Just say "more disclosure" and reporters and editorial writers start salivating like Pavlovian dogs. But like any other legislation, the devil's in the details. So when it comes to Sen. Pridemore's PAC bill (Here's the text of Senate Bill 5021), it's important to look at what it actually proposes.
Right off the bat, one can't help but notice that the bill's sponsors signal its deficiencies and onerous nature by exempting political parties PACs from it -- if it's so good, why exempt such a huge segment of political activity from it?
They can wrap their legislation with 'disclosure' wrapping paper, but what's inside SB 5021's gift box is what we'll be living with forever unless serious scrutiny and analysis is brought to bear.
Moxie Media is rightly being politically and legally crucified for their actions, but Senate Bill 5021 doesn't just apply to them, it would affect everyone and so it must be evaluated on its own merits.
Let's start with the basics: the First Amendment to the US Constitution reads: "Congress shall make no law ... abridging the freedom of speech ... or the right of the people to petition the Government for a redress of grievances." The 14th Amendment applies this to state and local governments.
Senate Bill 5021 is just such a law and in section 4 it tells people and groups what they may or may not call themselves. How can this not violate the First Amendment? Under current law, when a PAC is formed, the person or persons forming it fill out and file a form, called a C1PC, which discloses the PAC's name, its organizers' names and addresses, email addresses, etc. Donations to it or expenditures from it are disclosed. But under the First Amendment, they have the freedom to name themselves what they want, in the same way that newspapers are free to call themselves what they want, businesses are free to call themselves what they want, unions are free to call themselves what they want, and politicians can name their PAC's whatever they want. How can the government pass a law that tells people and groups what they can call themselves?
The way section 4 is written, it is also unworkable: it requires the people and groups to be put in the name of the PAC. Most PACs have many, many participants (we had 14 co-sponsors with I-1053). How can a PAC's name possibly include all the names of its backers? Also, PACs gain support over time -- Initiative 1100 (liquor) eventually received financial backing from Costco but that was months after it was filed. Even when it comes to committees for and against a candidate, something we're much less familiar with, SB 5021 says the PACs name "must include" "the candidates' name, party affiliation, and the office sought, and the election year." Do we really want/need PAC names that are 30-50 words long?
Over the past few months concerning I-1053, we've been highlighting the difference between having decisions made by accountable elected representatives versus unaccountable unelected bureaucrats. Senate Bill 5021 picks bureaucrats over electeds when it comes to dealing with bad violators. Bad violators like Moxie Media should be handled by the Attorney General who is publicly elected and therefore accountable to the people, rather than unelected bureaucrats at a state agency like the PDC. The PDC's role is to collect information from PACs and disclose it to the public. Limited fining authority for them is appropriate to encourage PACs to comply. But the power to prosecute bad violators is rightly vested with the Attorney General. Remember, the PDC bureaucrats wanted to settle the case with Moxie Media -- increasing their fine-imposing authority will only empower an unelected, unaccountable state agency. The Attorney General's power to prosecute and secure fines is rightly not limited by law. We're not arguing that bad violators shouldn't be punished -- we're simply saying such prosecutorial power should rest, as it does now, with the publicly elected Attorney General.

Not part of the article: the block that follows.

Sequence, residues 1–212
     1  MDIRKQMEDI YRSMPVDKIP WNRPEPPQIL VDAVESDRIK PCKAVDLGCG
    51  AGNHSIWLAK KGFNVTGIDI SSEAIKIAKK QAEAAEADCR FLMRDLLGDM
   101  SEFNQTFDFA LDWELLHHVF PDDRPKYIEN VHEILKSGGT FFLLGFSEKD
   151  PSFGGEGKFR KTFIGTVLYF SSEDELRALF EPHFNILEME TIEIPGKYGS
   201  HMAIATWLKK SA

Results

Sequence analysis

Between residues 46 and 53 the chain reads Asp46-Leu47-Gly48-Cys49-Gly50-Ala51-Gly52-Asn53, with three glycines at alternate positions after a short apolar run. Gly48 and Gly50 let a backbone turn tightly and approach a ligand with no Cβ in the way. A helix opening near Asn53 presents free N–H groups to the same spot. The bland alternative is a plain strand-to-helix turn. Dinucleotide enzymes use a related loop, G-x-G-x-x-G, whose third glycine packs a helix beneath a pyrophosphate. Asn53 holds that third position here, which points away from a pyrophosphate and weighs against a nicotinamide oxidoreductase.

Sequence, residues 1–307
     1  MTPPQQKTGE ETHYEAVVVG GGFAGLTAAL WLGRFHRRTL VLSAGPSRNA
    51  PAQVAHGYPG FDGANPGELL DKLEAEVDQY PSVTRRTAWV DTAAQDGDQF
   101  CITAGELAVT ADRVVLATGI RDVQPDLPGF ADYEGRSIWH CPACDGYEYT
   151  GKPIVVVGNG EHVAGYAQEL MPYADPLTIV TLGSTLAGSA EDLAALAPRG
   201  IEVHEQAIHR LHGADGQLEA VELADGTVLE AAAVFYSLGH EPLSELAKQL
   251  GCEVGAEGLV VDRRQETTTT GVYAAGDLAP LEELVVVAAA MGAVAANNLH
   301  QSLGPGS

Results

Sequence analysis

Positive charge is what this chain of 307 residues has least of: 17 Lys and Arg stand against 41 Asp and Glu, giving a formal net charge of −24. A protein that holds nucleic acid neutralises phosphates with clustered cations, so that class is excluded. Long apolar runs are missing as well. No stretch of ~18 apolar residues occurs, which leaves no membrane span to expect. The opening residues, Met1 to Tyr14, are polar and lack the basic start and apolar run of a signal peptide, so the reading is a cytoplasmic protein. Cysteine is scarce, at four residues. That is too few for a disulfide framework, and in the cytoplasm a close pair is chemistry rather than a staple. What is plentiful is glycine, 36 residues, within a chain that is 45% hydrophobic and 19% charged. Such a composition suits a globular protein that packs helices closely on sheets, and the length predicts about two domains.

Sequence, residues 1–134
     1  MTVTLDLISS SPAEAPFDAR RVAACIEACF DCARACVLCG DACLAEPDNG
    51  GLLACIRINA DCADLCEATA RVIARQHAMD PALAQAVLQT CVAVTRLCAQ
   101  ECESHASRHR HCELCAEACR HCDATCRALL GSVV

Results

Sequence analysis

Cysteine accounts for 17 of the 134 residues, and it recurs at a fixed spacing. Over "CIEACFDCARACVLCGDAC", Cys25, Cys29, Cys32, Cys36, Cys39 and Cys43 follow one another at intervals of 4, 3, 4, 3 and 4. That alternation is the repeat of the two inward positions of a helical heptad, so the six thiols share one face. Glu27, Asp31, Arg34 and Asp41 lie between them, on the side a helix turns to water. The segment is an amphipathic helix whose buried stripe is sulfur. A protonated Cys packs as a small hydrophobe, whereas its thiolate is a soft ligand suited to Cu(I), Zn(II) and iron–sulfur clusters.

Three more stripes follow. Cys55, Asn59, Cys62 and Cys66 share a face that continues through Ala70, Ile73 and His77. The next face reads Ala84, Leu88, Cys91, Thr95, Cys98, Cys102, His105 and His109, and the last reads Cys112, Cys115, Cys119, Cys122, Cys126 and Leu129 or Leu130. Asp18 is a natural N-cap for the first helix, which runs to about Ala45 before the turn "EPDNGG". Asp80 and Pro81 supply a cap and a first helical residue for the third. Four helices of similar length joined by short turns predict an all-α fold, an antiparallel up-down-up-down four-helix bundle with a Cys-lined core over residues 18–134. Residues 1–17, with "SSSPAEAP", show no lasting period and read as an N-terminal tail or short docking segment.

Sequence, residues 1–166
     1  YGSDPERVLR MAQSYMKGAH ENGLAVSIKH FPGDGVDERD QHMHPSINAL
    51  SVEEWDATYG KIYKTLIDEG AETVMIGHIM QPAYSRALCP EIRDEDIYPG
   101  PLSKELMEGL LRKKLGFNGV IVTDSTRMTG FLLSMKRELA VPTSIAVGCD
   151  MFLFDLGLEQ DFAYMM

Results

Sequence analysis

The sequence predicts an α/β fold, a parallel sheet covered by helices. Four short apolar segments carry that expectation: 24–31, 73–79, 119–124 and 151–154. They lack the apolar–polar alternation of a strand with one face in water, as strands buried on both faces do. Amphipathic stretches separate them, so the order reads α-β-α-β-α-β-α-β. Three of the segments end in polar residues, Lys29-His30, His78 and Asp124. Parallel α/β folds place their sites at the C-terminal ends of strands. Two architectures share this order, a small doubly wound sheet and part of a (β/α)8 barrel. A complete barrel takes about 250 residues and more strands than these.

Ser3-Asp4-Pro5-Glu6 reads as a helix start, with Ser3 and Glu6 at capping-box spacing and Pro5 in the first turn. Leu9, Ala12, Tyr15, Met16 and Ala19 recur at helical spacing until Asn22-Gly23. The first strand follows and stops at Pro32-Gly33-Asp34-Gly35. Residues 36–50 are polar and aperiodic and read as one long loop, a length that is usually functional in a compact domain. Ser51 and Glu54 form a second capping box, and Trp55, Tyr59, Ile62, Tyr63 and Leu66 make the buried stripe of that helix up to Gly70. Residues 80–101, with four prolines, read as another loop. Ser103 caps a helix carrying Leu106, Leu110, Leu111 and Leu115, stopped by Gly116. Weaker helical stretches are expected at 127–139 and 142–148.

Finally, lowering the dollar threshold for political activity subject to reporting from $5000 to $1000 seems like overkill. The philosophy has always been: the people have a right to know about those who are significantly donating and spending money on politics. Just the monthly expense of reporting would likely discourage small groups from being politically involved.
Whether it's a shooting in Arizona or a high-profile campaign violation by Moxie Media, there is an ever-present danger of legislative overreaction. The best deterrent is strong prosecution of those who violate the law. That's exactly what's happening with Moxie Media. It's important to note that government doesn't do its best work when it tries to 'fix' what is undeniably a very rare occurrence. And rarely does the Legislature pass a new law that doesn't create more problems, intended or unintended, than it solves. Some of the changes proposed by Senate Bill 5021 do not seem well thought out.